Once a remote fur-trading post, Montreal is now a thriving modern city brimming with Old World charm.
Author Maura Egan Photography Peter Frank Edwards
DAY ONE | Wake up in a four-poster bed at the very posh Hotel Le St-James (1) feeling like an Industrial-era trade baron. The St. James is in the former Merchants Bank, in what was once the hub of the city’s fur trade. As soon as you step outside, you picture 19th century tycoons parading by the imposing limestone façades whose grand columns line Rue Saint-Jacques. In fact, you notice a bit of swagger in your own step. But before you leave the hotel, put on your Sunday best, because you’re off to church. And not just any church. The Notre-Dame Basilica (2), a five-block stroll from the hotel, rivals the great cathedrals of Europe. Established in 1829, the church was built by an Irish Protestant architect imported from New York. He converted to Catholicism on his deathbed, perhaps so that he could be buried in his creation. Montreal was once a very Catholic city— count the steeples dotting the skyline—with the clergy having as much influence as elected officials. Like hairstyles, hemlines and pop music, that all changed in the ’60s, when the Quiet Revolution led to the secularization of government and education.
From the church, walk toward Place Jacques-Cartier (3)—a pedestrian square that was once the entrance to the city’s port, now thick with street performers and souvenir shops—and wander the cobbled alleyways off Rue Saint-Paul. Amid 18th century stone buildings such as the Chateau Ramezay, a former governor’s mansion that now serves as a repository of Quebec history, you’ll find lofts for a growing creative class. Be sure to stop by the three-year-old DHC/ART Foundation of Contemporary Art (4). Local visionary Phoebe Greenberg has created a platform for Canadian and international talent to stage exhibitions, workshops and lectures. After you’ve had your fill of highbrow culture, relax at Cluny Artbar (5), a former warehouse that’s been converted into a café. Take a seat at one of the establishment’s communal tables and order yourself a smoked salmon panino and extra-leaded espresso.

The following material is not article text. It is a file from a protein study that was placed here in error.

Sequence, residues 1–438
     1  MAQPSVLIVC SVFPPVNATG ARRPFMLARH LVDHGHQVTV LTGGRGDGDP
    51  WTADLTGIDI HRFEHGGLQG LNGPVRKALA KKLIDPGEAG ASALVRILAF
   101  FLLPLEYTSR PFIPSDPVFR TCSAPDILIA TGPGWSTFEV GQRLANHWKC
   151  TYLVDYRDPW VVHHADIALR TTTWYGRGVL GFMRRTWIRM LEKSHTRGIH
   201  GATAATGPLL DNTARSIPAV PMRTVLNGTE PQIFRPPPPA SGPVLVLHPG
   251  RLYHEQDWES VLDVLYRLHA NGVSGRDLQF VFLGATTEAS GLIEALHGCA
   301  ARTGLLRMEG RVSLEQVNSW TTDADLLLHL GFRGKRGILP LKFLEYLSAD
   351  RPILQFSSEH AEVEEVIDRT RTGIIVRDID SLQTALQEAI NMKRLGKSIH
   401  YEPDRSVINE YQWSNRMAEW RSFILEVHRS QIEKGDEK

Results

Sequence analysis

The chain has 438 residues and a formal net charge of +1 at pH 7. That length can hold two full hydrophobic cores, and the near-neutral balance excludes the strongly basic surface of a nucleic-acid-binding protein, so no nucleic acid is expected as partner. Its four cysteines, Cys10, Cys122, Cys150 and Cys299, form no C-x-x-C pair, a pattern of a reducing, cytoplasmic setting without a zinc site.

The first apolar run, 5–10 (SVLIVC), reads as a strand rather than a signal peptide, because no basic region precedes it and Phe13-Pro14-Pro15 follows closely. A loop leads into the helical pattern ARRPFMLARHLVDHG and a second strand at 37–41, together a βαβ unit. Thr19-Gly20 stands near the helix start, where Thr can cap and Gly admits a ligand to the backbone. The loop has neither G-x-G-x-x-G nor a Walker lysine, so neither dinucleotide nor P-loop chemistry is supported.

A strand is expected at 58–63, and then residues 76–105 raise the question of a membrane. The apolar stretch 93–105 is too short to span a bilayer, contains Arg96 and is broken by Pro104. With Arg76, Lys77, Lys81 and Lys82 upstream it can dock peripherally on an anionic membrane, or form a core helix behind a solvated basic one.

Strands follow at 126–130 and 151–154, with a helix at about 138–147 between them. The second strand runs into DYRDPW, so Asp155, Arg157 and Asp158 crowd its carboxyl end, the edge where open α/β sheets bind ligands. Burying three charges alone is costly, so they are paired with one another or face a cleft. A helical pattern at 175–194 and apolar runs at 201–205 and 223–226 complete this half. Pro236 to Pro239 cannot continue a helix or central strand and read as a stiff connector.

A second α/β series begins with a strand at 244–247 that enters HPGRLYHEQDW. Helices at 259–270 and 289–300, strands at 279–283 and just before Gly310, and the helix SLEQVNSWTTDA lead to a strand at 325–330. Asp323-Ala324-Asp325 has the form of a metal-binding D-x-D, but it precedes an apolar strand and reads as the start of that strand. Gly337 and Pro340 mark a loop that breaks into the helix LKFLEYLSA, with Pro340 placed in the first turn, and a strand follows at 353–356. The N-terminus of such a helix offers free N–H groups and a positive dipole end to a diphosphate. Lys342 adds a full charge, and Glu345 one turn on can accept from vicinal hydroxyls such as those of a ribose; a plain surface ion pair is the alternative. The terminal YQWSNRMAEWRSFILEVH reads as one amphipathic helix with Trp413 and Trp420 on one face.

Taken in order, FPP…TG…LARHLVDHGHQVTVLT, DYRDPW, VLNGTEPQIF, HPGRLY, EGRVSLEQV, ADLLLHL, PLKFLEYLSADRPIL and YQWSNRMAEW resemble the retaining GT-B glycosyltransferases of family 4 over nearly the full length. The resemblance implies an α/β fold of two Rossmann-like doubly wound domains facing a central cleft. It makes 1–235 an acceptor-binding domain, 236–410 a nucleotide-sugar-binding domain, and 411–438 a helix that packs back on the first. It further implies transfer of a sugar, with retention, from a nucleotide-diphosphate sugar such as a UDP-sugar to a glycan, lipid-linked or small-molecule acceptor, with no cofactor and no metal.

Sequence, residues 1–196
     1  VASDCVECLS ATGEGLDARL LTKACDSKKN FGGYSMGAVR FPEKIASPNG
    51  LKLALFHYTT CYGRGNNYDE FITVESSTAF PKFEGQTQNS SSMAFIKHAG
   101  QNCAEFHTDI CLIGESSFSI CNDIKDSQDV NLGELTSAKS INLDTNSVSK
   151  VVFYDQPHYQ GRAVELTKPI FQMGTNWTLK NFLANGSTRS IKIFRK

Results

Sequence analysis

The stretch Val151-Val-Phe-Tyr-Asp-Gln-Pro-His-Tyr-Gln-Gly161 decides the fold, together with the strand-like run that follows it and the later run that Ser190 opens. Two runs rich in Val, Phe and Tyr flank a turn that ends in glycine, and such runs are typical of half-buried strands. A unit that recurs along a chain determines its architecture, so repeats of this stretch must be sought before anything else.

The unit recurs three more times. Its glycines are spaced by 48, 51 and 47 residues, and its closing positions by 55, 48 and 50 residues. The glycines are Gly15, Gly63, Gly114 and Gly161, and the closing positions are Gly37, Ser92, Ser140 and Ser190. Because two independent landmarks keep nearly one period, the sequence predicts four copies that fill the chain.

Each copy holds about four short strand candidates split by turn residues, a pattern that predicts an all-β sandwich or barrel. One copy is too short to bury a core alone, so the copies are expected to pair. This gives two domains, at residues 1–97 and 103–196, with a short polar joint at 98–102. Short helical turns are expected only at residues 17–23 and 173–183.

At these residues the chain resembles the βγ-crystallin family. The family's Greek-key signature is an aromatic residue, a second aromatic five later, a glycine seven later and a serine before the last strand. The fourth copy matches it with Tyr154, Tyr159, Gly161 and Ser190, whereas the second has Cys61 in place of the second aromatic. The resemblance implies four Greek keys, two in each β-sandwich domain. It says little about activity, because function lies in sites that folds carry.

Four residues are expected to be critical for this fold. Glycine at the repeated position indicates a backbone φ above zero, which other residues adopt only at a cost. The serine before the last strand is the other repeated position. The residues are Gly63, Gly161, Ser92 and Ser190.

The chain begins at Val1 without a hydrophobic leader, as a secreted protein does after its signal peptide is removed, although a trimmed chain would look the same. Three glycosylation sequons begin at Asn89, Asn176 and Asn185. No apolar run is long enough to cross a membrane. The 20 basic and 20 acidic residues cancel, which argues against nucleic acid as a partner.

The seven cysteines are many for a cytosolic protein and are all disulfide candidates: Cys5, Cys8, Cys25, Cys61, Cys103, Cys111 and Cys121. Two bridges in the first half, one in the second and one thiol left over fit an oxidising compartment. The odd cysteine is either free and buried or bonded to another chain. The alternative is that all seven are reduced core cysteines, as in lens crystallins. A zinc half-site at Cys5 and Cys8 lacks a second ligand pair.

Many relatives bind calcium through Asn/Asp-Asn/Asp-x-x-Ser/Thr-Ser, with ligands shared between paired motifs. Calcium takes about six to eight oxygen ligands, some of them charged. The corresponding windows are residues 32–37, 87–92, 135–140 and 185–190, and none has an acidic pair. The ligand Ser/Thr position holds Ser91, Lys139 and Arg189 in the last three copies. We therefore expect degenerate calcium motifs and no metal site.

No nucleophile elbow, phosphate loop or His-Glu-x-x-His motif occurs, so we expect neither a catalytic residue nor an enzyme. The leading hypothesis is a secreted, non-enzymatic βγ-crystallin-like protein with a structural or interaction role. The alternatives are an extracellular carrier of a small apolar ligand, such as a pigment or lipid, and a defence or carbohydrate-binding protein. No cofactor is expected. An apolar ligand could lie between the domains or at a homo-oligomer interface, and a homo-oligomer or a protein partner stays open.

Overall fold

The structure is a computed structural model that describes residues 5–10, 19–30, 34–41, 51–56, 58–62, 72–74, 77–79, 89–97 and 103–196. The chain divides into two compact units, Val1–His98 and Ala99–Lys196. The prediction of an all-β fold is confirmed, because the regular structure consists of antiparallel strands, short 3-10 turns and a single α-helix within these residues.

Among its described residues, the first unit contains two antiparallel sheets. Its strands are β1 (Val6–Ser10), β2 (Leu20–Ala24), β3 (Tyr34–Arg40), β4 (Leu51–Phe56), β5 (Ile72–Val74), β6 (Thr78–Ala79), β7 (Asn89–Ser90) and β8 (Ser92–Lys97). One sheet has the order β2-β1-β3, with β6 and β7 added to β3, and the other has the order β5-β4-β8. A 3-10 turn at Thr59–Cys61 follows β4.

You’ll need the fuel for zipping around Montreal’s Old Port in some the city’s many bicycle lanes—just swipe your credit card at one of the 300 Bixi (think “bike” meets “taxi”) cycle-sharing kiosks all over town (open May through November). Wending your way along the Lachine Canal (6), lined with ferry terminals, quays and a huge concrete silo, you’ll get a glimpse of the city’s industrial past. Across the river, you spot Habitat 67. Designed for Expo 67, Montreal’s world’s fair, as a prototype for aff ordable housing, the structure looks like something dreamed up by Antoni Gaudí and built with Legos.
You continue pedaling along the leafy Rue Notre-Dame and pass through Antiques Alley to Marché Atwater (7), a European-style foodmarket housed in an Art Deco building, complete with charcuteries, cheese shops and flower stalls. After a serious afternoon of bike riding and window shopping, you’ll want to sit down for a proper meal. Restaurateurs Frédéric Morin, Allison Cunningham and David McMillan have turned the neighborhood known as Little Burgundy into a culinary mecca. Settle on Joe Beef, the name of which belies the upscale fare inside, where you order such classics as Dungeness crab and seared scallops. The menu changes often, but the dishes are simple and bold, so the seafood flavors shine through.
Before you call it a night, head to Altitude 737 (8). In a city known for megaclubs, this is the swankiest, an ideal place to hobnob with Montreal’s most glamorous residents, enjoy a champagne cocktail and take in views of the city.